on 3 February 2007
If you don't know the Moomin comic strips - originally created for the London Standard in the 1950's - then this is a treat. Tove Jansson's quiet and quirky observations of life, as represented by the eccentric Moomins are every bit as endearing here as in the full length books. The strips were a huge success, continuing into the '70's when her brother, Lars took over. Only one annual was ever published in Britain (in the fifties) and it is wonderful to at last have these wonderful strips revived for all to enjoy.
Tove's independant view of life, her fiercely non-capitalistic stance and pacifist tendancies all shine through these bizarre, unexpected and utterly individual stories, which see the "De Moomins" mixing with film stars on the Riviera (including "the great little Audrey Glamour") and transforming old ladies into randy young men, with magic potions! Hers was a unique talent and these glorious strips are in the ame class as Herge's Tintin, or the Peanuts strips.
Her economy of line and brilliantly understated humour are quite remarkable and the production of this book is a real class act. Just the drawings are worth the purchase price alone. Drawn and Quarterly are to be congratulated for a beautifully put together volume - the first of several - not showy or ostentatious, but lavish and discreetly handsome, as befitting the glorious delights within. It is utterly unmissable - and another magnificent side of the work of this quiet genius.
If, like me, you have loved the Moomin family since childhood, you will have read all the quirky, unique books in the series, many , many times. If so, you may be surprised to find, as I was, that these comic strips exist, and allow us an unexpected opportunity to re-enter the world of Moominvalley.
In a way comics are the ideal medium for Tove Jannson, the illustrations to her Moomin series are as fine as the effortlessly brilliant stories. Her sense of fun and rather unworldly viewpoint are showcased in these strips as well as her beautiful artwork.
Having said all that, these strips perhaps lack the shade of gloomy darkness that make the Moomin series of books so memorable, "Moominvalley in November", for example, is almost bleak in outlook. Also, the characters are all slightly different from in the books, which is a bit distracting at times.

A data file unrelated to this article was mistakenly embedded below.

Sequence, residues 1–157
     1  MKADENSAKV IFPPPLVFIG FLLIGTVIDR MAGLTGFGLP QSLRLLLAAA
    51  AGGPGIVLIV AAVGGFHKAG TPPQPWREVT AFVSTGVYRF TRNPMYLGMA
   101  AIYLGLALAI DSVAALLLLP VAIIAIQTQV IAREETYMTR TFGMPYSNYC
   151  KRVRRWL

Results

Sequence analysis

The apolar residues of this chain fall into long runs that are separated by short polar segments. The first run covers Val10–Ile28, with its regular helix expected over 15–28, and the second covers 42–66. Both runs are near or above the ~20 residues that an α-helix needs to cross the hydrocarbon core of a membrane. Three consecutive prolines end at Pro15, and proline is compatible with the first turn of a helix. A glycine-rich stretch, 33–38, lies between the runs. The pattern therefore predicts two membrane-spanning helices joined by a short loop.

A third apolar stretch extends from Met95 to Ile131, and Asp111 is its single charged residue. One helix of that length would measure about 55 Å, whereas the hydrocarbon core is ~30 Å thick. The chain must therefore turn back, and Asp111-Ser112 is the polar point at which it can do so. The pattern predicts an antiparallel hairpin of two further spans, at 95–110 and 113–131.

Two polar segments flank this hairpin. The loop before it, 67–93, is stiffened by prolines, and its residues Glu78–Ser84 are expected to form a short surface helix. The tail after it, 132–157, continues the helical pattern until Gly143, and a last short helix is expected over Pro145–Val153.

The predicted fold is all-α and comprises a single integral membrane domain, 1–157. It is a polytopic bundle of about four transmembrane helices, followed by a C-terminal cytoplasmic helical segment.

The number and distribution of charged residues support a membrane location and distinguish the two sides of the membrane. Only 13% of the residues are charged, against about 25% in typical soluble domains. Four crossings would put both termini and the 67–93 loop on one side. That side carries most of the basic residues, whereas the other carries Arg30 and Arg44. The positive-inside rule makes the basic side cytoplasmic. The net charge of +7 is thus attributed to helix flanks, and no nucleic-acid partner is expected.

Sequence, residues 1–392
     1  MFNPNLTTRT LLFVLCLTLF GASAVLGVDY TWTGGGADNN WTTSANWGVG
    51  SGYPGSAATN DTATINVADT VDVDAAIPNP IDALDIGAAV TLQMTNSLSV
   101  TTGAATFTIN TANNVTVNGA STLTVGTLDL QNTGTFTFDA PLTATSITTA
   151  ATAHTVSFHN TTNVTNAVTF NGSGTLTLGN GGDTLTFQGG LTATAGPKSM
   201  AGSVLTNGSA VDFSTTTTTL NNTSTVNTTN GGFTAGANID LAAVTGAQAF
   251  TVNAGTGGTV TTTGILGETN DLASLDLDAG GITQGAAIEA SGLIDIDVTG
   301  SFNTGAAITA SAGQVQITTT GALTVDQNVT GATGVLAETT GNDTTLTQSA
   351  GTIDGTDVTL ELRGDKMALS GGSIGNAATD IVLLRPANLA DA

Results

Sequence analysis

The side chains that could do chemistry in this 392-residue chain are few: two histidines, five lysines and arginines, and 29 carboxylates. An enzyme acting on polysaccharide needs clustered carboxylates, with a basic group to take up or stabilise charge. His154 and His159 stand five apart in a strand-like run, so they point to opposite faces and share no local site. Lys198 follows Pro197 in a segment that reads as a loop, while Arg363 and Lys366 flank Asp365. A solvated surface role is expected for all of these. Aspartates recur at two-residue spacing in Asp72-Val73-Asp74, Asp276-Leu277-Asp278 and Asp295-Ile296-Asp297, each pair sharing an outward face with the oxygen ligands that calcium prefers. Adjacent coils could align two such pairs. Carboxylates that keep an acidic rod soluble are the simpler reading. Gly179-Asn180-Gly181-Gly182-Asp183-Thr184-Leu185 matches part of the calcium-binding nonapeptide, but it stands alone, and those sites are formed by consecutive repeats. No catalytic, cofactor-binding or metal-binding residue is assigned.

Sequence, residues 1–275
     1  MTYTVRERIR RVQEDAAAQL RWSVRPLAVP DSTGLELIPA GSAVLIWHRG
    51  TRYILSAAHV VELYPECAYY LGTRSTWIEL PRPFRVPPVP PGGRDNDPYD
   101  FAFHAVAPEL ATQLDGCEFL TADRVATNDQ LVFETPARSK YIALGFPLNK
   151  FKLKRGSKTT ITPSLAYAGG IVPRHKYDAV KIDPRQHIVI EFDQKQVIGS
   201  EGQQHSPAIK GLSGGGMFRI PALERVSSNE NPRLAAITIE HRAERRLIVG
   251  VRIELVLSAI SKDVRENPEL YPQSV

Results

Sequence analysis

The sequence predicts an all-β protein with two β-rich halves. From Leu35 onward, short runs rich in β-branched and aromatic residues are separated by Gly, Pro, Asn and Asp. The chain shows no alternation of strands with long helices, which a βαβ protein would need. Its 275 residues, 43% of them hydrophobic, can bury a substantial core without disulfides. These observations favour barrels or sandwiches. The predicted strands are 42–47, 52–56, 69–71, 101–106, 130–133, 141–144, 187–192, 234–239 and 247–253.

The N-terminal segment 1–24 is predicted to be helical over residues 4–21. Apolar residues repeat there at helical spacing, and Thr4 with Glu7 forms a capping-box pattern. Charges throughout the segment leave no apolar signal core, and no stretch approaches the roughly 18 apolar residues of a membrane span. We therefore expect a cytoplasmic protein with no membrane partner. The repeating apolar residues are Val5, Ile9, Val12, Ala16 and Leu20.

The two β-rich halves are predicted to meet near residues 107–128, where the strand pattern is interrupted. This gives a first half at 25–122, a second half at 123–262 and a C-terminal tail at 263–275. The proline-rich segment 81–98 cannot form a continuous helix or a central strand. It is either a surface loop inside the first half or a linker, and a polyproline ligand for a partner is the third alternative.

Even so, these collected newspaper strips are a hugely welcome addition to any Moomin fan's library.
on 1 February 2009
The Moomins were written and illustrated by Tove Jansson, a classic bohemian figure, who lived for much of her life on a small island in Finland, from where much of the inspiration for these quietly surreal strips came from. The stories are full of delicate and poignant observations of life, much like her adult prose, and sing with a homespun, joyous wisdom.
The moomins themselves are curious, wonderful, often confused, upside down, and surprising emotional. Each character is rich and full, despite the miniature nature of the format: very little text, and small, often sparsely detailed, economic illustrations. Janson managed to pack so much of everything into these strips, and incredibly, each individually published small strip is successful in its own right, away from the larger arcs of the story; something which seems to get even better as she gained experience of working in this way.
Ostensibly, you might think these stories are for children, like the moomin books, however, they were acually made for adult publication and where circulated in newspapers in over 40 countries through out the world. Children from perhaps 7 years old (perhaps even younger) could certainly get a great deal from them, not least the fabulous adventures of Moomin himself, or the funny auxilary character like Sniff (who just seems to think of money and fame), and Stink (who seems equally cynical).
I came at these strips after having read Janssons adult fiction, namely The Winter Book and The Summer Book, where she quickly established herself as one of my favourite authors, and with some familiarity with the Moomins cartoon. I was not disapointed. My only problem when i had finished the first of these 'Complete' collections, was the disappointment over returning to the normal world, and having to wait for the next book to arrive.
There's a little bit of these characters in all of us, but that doesn't stop me wishing i was a moomin, or that i could just 'live in peace, plant potatoes and dream'.
on 5 September 2014
I first came across this book in 1959 when a friend's sister sent it from England. I was instantly hooked and every time we visited our friend, I buried myself in it and only emerged for meals. I was always enchanted by Tove Jansson's illustration skills, attention to detail and wonderfully quirky Scandinavian humour. So it was with great joy that I saw this reprint and pounced! I pick up this copy on a regular basis and my enjoyment is 100 fold in light of my experience as an illustrator and painter. A few years ago I was sad to see that Jansson had passed away, but it was a delight to read about her long and interesting career.
on 25 April 2014
Having grown up on Tintin cartoon strip, reading Moomin in this format has been no problem for my 9 year old. I thought I might have caught Moomin too late for him, but he's been ensconced in Moominland ever since choosing this collection of stories. Great children's stories, beautifully written and illustrated, which feed the young imagination.